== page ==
Our freelance writer spotlight for July is a tech writer, software developer, file format expert, and cat lover. I'm pleased to announce that this month's spotlight honors Gary McGath, a talented writer and exceptional member of the BlogMutt community.
Here's a quick snapshot of Gary's BlogMutt stats:
- Time with BlogMutt: 2 years, 3 months
- Total posts sold: 866
- Top industries: IT & data security, software, web design/UX
- Expertise: Software engineering, file formats/digital preservation, academic libraries, filk music, cat rescue
Since he started with BlogMutt in 2016, Gary has sold nearly 500 posts related to IT, data security, and software. As it happens, Gary has been working with (and writing about) computers for some time now:
"My work in computers has covered a significant chunk of their history, from mainframes using punched cards to desktop computers."
Some of Gary's first paid writing was for the "American microcomputer magazine," Byte, which covered topics related to small computers, software, and general computing from 1975 (when home computer kits first appeared on the scene) to 1998. They actually ran Microsoft's very first advertisement ("Micro-Soft" at the time) in an early issue.
Gary also wrote his own text-based adventure games when that genre was at its height. His book, COMPUTE!'s Guide to Adventure Games, was published in 1984.
Gary's professional experience also spans broad categories within the tech world. He worked as a software developer for many years in both business and academic fields, and even spent 8 years working for the academic library at Harvard University.
As an expert in file formats and digital preservation, Gary did a large portion of the work on creating JHOVE (the JSTOR/Harvard Object Validation Environment), an application that libraries and archives use to maintain and preserve digital resources.
He also wrote a book, Files That Last, Digital Preservation for Every Geek, about digital preservation for system administrators and individual developers trying to ensure the safety of important files.
Today, Gary has turned his attention to his writing career, although he still maintains a blog called Mad File Format Science that discusses current issues in file formats and digital preservation. He says his favorite writing projects are those where he can explain a technical topic to readers.
"With every article I write," he explains, "I aim to learn new things and to teach something. I like to think they all have some educational value."
Here are some of the topics that Gary has covered for BlogMutt customers:
- "A Mortgage Banker's Guide to Cybersecurity"
- "What Lawyers Need to Know about Blockchain"
- "DaaS vs. VDI: Two Approaches to Virtual Desktops"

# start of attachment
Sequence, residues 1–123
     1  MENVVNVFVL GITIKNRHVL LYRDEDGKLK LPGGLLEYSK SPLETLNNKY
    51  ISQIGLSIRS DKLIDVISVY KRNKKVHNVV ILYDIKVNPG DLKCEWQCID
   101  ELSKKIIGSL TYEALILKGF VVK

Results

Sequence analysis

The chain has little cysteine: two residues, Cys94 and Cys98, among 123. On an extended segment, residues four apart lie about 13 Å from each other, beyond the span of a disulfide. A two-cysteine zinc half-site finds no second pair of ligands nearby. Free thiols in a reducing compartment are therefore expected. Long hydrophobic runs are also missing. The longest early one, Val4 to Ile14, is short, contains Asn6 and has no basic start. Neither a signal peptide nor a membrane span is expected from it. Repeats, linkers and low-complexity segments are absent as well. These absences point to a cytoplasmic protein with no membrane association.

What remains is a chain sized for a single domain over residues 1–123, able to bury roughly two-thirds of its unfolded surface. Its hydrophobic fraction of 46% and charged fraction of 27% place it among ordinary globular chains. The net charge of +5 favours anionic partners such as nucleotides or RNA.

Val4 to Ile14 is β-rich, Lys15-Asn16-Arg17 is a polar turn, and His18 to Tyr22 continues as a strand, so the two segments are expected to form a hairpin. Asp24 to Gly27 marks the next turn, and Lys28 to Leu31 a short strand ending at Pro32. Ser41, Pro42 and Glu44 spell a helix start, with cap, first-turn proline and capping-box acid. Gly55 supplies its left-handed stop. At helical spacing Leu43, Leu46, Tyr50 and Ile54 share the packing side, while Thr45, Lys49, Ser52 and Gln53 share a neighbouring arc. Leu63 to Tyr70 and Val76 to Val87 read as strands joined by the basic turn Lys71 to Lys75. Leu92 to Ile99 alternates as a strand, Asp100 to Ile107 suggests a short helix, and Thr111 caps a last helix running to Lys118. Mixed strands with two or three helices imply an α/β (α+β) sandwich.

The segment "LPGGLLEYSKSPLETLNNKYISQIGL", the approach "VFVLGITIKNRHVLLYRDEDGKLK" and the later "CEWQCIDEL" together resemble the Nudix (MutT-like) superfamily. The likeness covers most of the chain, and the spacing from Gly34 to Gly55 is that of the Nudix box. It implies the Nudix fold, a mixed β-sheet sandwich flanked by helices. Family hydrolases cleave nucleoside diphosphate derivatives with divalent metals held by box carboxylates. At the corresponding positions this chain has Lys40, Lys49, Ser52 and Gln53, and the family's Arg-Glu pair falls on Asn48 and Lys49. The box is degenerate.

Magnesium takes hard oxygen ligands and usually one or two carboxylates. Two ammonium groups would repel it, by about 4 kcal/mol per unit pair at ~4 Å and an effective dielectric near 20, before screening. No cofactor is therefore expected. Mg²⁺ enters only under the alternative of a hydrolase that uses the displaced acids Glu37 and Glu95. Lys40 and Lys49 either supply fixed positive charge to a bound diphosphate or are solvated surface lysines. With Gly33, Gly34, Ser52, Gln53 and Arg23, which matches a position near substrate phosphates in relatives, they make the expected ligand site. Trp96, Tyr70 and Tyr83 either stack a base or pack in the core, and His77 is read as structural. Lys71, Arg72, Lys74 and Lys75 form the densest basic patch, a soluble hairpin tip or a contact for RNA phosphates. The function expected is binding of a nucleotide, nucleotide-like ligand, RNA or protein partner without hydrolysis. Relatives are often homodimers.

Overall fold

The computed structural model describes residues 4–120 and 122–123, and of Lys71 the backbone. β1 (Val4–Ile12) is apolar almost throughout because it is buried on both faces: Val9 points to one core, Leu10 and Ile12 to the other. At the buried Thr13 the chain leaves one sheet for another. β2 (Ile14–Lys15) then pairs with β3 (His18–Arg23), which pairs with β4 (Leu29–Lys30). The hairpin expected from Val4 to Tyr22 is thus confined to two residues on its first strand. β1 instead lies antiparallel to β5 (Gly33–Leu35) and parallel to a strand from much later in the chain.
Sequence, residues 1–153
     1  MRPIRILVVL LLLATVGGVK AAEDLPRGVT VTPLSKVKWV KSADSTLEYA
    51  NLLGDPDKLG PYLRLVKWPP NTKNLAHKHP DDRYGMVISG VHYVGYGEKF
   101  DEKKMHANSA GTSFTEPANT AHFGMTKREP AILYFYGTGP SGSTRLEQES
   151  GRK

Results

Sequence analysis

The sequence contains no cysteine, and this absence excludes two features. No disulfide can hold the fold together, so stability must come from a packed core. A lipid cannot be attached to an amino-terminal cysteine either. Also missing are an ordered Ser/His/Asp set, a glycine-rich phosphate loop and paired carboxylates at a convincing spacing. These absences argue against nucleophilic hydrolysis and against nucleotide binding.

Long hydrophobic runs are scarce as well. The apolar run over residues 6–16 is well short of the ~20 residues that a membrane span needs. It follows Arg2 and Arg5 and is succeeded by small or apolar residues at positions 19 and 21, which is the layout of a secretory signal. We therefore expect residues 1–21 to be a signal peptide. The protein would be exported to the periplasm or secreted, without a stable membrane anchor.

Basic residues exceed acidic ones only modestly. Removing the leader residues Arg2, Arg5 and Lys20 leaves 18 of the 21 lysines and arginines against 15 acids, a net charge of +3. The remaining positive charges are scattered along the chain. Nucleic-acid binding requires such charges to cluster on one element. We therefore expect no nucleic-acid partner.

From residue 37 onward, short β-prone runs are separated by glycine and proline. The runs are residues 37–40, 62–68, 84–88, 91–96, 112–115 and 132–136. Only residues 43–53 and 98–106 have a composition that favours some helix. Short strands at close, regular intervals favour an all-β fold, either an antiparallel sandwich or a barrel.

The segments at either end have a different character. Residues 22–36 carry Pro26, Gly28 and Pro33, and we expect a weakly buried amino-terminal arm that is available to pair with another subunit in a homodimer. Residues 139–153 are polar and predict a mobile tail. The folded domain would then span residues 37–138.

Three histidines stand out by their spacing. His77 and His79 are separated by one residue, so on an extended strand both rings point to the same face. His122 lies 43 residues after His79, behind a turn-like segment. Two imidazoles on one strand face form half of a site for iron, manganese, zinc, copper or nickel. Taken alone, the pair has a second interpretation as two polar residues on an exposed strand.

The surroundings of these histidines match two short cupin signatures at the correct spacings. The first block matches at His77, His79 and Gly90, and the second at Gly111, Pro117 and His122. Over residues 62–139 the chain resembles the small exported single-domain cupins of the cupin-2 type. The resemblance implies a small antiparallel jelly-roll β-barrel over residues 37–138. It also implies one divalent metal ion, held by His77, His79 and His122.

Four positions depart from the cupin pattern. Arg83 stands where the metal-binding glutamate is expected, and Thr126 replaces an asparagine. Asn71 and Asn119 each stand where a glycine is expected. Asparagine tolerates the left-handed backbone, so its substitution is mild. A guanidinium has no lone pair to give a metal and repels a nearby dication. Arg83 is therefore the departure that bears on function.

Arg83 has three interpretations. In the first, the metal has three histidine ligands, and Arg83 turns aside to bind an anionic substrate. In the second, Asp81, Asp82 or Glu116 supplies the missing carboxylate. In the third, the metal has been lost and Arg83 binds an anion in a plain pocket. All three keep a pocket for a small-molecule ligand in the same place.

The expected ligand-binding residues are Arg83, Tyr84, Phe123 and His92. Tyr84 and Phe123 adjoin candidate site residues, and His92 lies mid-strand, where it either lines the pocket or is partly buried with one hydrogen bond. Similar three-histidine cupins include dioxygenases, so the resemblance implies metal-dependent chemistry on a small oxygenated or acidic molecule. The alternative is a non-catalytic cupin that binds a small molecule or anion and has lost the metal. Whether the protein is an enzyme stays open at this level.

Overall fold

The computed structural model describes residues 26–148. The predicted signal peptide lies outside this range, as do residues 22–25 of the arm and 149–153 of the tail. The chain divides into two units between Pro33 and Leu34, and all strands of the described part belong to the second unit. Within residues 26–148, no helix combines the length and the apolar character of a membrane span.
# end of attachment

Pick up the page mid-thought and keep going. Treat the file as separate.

- "MPLS or SD-WAN? Or Both?"
- "Computer Tip of the Day: Avoid File Obsolescence"
- "GDPR and Website Security"
In his writing, Gary says, "What I aim for most of all is precision and clarity."
Gary understands how to explain complex technical products, services, and concepts to his readers. That's a valuable skill in content world overloaded with advertisements. How often do readers see clear, straightforward explanations that can actually help them make decisions? A customer who learns from your content is a customer who is much more likely to trust you and therefore to trust your products.
Here at BlogMutt, we may know Gary as a talented technical writer, but if you ask him about himself, you'll soon learn that this is far from the only thing that defines him or even his writing. In his free time, Gary writes poetry and music, and also publishes content on a variety of topics related to politics, current events, and the economy.
"Words change everything," he says. "They keep our knowledge alive. They let us stay in touch with each other. They can convey beauty. They give us four of the best things in life: talking, listening, reading, and writing."
Apart from words, Gary's other favorite things in life are "music, computers, and cats." You probably guessed that whole 'computers' part, but the others might surprise you. I'd call Gary a filk music enthusiast, but that would almost certainly be an egregious understatement. Gary is literally in the Filk Music Hall of Fame.
And no, I'm not spelling that wrong.
Filk music is essentially a type of folk music related to science fiction or fantasy fandom. I might be getting myself in trouble for saying that, though... 'filkers' have a lively debate going on about what exactly constitutes filk music and my definition is highly controversial. I managed to get lost in a Google vortex of filk and funnily enough, the clearest definition I came across was written by (of course) Gary McGath himself.
Gary has not only written a songbook of original filksongs, but he also has an album called Shrink Wrap Blues and wrote a comprehensive history of filk in his ebook, Tomorrow's Songs Today. After attending a filk conference in Germany some years ago, Gary learned to speak German and has now performed and even written songs in German, which has earned him a bit of an international following.
Luckily, the filk community also seems to embrace Gary's other passion, too.
As he says:
"Cats are essential to life."
Gary has two cats who "claim title" to him (can anyone really "own" a cat?) and he volunteers regularly at a local cat shelter. Of all the things that might surprise you about Gary, here's the one most likely to warm your heart: he loves speaking German to his cats. Not a bad way to practice those language skills, eh?
Thanks so much to Gary for answering my questions, for helping BlogMutt grow over the last 2 years, and for being an active part of our writer community. We're delighted, as always, to have you as part of our team.